We obtained an overview of patients discharged from the Department of Infectious Diseases at Oslo University Hospital, Ullevål, in the period 1 January 2015 to 31 December 2015 with ICD-10 codes J13 and J14 (pneumonia due to S. pneumoniae and H. influenza, respectively) from the hospital’s internal registers. These two diagnostic codes were included because they represent the most frequent pneumonias with known bacterial agents. We did not include patients who were hospitalised with other forms of pneumonia. We chose to disregard diagnostic code J15.9 (bacterial pneumonia, unspecified), for example, because we wished to assess whether treatment was given in accordance with the guidelines following identification of the causative agent and resistance determination. Clinical, demographic and laboratory data were recorded using a standardised form. All information was obtained from DIPS, the patient records system used by Oslo University Hospital.

Permission for data retrieval was granted by the Data Protection Officer at Oslo University Hospital, and all data were anonymised. The first and second authors reviewed all of the medical records together. The last author was consulted in the event of uncertainty.

Results

In 2015, 40 patients were discharged following hospitalisation with pneumonia due to S. pneumoniae and 30 following hospitalisation with pneumonia due to H. influenzae (Table 1). Blood and nasopharyngeal cultures, and PCR of respiratory tract agents, were performed for over 90 % of patients. Of these tests, nasopharyngeal culture most frequently resulted in pathogen growth (80 % of S. pneumoniae and 90 % of H. influenzae). The median duration of hospitalisation was four days (interquartile range three to six days). CRB-65 scores were not reported in any of the medical records, but could nevertheless be calculated based on information in the records for 67 (96 %) patients. In the three remaining patients, where there was not enough information to calculate scores for all criteria, there was nevertheless sufficient information to conclude that the total score was less than 2.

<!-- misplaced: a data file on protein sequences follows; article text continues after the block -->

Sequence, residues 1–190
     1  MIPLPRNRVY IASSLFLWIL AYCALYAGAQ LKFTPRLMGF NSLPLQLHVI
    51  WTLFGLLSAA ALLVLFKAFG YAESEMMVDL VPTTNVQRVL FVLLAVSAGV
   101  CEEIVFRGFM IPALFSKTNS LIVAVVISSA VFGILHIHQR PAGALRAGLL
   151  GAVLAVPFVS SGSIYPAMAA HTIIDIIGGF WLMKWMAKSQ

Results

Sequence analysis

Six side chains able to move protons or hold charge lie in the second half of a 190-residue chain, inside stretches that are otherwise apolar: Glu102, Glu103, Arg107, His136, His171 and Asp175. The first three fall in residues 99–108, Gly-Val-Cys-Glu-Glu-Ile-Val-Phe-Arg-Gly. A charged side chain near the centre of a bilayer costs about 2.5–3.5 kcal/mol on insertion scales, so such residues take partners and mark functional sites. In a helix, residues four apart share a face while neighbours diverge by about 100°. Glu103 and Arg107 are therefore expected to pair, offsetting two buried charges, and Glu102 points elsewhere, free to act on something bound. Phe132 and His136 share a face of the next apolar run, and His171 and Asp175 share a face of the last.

Table 1

Demographic and clinical data for 70 patients admitted to the Department of Infectious Diseases at Ullevål Hospital in 2015 with pneumonia due to S. pneumoniae or H. influenzae. Results are given as percentages unless otherwise stated.

Variable

Result
(N = 70)

Sex

Men

49

Women

51

Age in years, median (interquartile range)

68 (47–82)

Multiple diagnoses in medical records

57

CRB-65 score

0

37

1

31

2

20

3

7

4

0

Incomplete1

4

Culture results

S. pneumoniae

57

H. influenzae

43

Duration of hospitalisation in days, median (interquartile range)

10 (8–11)

1In these three patients, there was sufficient information to conclude that the CRB-65 score was ≤ 2.